Sort codes are one of those things we see every day but don’t particularly know the true meaning of. Six digits split into pairs, they’re an early banking tech that has stood the test of time. But what do those numbers actually stand for? And why is the UK banking system the only one left using them? Read on to have all of your burning sort code questions answered!
What are sort codes?
Sort codes first appeared in UK banking during the early 20th century to manually process cheques. They were known as “national codes” back then and consisted of three to five digits. As the banking industry moved towards automation, they became six-digit sorting codes staggered into the system in 1957. As the banking industry adopted electronic payment systems, sort codes continued to identify bank accounts and move funds.
Fast forward to today, and sort codes are now used to ferry electronic payments between banks and financial companies. Sort codes are unique to each bank and branch, so they are essential in directing payments to the correct place.
The anatomy of a sort code
Printed on your bank statement, stamped on bank cards, or when you log into online banking. Sort codes look a bit baffling, but there’s logic behind those hyphenated digits. The first two digits identify the bank and the last four nod to the branch where it was opened.
To set up a direct debit, you need to provide the sort code and account number of the recipient. The bank will use this information to send the direct debit payments to the correct account.
Do digital banks have sort codes?
Just as cash replaced cheques, digital banks are slowly replacing branches. But online-only banks still have sort codes. Providers like Monzo and Starling don’t have any physical branches to open accounts, so the first two and the final four digits of your sort code will be the same as other customers there. If you have one of these accounts, the code may not be displayed on your physical card, but you’ll find it on your online banking or app.
Using sort codes
We use sort codes for domestic payments, such as bank transfers, direct debits, and standing orders. As the International Bank Account Number (IBAN) made waves in 2008, it provided a standardised format for international bank account identification, along with SWIFT and BIC codes. Sort codes are still an essential part of the UK banking system, and we expect that to continue for the foreseeable future.
Here are some of the most common sort code usages in day-to-day banking:
- Setting up a direct debit: Provide your sort code and account number to the company you are paying so they can collect money from your account regularly.
- Making a bank transfer: A bank transfer requires the recipient’s sort code and account number to send money to the intended account. Confirmation of Payee also helps in double-checking this.
Sort code checker tools
A sort code checker is a one-stop shop to help verify codes and identify banks and branches. Using regularly updated information, they check if the sort code a payment is sent to can set up direct debits and receive Faster Payments, Bacs Direct Credits or CHAPS payments.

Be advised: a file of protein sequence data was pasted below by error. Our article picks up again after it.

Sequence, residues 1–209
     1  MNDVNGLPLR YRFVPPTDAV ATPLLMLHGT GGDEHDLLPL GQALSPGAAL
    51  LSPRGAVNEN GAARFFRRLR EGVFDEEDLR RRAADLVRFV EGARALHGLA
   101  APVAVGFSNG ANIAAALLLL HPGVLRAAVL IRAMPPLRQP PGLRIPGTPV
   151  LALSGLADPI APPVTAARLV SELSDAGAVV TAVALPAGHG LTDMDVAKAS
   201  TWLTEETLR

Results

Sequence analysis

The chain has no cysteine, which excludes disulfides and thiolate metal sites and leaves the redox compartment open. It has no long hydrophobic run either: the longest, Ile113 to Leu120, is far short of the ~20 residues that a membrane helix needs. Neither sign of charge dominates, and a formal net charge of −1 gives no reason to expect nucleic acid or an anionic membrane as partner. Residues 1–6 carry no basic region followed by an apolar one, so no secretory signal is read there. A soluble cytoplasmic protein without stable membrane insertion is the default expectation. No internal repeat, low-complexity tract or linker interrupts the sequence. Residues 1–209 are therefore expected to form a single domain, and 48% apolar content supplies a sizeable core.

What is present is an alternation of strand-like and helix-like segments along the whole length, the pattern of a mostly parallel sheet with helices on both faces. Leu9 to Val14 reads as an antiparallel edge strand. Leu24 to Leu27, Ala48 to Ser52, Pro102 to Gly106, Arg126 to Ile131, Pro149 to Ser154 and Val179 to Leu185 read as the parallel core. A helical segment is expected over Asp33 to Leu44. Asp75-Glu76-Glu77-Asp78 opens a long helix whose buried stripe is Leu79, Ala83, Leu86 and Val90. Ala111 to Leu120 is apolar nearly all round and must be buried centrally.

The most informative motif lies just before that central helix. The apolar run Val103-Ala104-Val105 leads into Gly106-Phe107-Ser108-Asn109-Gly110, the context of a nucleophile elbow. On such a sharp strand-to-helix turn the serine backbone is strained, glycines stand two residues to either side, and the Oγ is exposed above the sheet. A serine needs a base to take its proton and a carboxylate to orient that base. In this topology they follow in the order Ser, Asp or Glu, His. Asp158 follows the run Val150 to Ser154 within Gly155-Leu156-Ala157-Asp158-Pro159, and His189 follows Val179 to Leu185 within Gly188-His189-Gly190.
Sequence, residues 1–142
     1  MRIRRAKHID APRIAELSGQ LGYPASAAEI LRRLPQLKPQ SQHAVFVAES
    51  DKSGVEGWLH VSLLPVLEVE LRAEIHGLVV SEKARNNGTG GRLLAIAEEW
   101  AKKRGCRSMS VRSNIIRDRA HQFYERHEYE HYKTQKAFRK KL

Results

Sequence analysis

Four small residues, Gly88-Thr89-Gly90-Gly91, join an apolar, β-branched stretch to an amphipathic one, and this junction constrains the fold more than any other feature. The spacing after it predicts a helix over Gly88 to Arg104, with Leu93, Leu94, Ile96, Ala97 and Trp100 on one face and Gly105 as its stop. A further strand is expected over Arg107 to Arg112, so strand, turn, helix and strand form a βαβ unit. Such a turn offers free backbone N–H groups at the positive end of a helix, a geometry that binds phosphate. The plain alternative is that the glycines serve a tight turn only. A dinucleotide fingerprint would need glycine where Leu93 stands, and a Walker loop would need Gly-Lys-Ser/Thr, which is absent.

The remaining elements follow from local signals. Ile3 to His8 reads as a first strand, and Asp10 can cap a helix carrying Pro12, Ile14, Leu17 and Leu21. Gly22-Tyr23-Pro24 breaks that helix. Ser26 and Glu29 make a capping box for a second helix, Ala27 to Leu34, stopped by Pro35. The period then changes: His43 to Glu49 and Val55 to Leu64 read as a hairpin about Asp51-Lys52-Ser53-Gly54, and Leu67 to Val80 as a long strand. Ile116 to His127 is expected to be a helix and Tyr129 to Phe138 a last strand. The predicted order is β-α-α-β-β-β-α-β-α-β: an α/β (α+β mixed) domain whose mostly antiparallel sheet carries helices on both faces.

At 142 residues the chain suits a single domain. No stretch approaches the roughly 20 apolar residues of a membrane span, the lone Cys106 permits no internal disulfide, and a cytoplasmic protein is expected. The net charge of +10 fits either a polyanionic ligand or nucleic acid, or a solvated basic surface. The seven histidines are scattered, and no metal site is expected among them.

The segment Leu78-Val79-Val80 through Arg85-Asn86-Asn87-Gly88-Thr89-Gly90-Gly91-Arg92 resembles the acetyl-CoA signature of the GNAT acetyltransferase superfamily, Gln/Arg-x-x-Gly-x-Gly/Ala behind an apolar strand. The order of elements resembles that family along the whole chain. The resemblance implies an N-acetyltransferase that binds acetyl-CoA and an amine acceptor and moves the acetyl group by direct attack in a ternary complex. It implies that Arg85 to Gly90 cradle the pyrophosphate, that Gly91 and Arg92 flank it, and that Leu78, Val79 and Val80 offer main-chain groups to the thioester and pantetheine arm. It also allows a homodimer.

Businesses can benefit from using sort code checkers to save on admin costs from failed payments, safeguard against fraud and offer smooth payment processing without delays.
Individuals and customers can be more efficient and accurate using sort code checkers. They verify payment details and help to set up direct debit instructions correctly. Imagine paying rent for the first time; you don’t want to be late or pay the wrong person! You can use these tools to be sure.
For added peace of mind, Confirmation of Payee also checks the bank details match the account holder when you send money using online banking.
Sort code security checklist
- Only share your sort code with trusted sources: Only share your sort code with people or organisations you trust. This could include your employer, family members, service providers, or legitimate financial institutions.
- Only share when required: Only share your sort code for valid purposes, such as receiving payments, setting up direct debits, or making bank transfers.
- Share your sort code safely: Use secure communication channels, such as encrypted emails, secure messaging apps, or in-person conversations. Avoid sharing your sort code over public Wi-Fi.
- Use a sort code checker: This ensures you’re paying the right person and avoids any extra legwork trying to recall funds.
- Keep track of sharing: Monitor where you have shared your sort code and why. This can help you identify any unauthorised use.
Sort code troubleshooting
What’s the difference between a sort code and an account number?
A sort code identifies your bank and/or branch, while an account number is unique to the actual account. You need both to make or receive payments from your account, set up direct debits, and more.
What should I do if I enter an incorrect sort code?
If you provide an incorrect sort code, your payment may be delayed or fail to process. Always check your sort code, use an online checker, and enter it correctly.
Is it safe to share my sort code?
You should treat your sort code as confidential. Avoid sharing it with unauthorised individuals or posting it online. You should also be wary of unsolicited emails, calls, or letters requesting your sort code or other bank details. If you suspect fraud, contact your bank immediately.
What happens to my sort code if the bank branch closes?
Your sort code will remain the same and can be used to make payments, set up direct debits, and transfer money. If you need to visit a branch in person, find your closest one on your bank’s website or mobile app.
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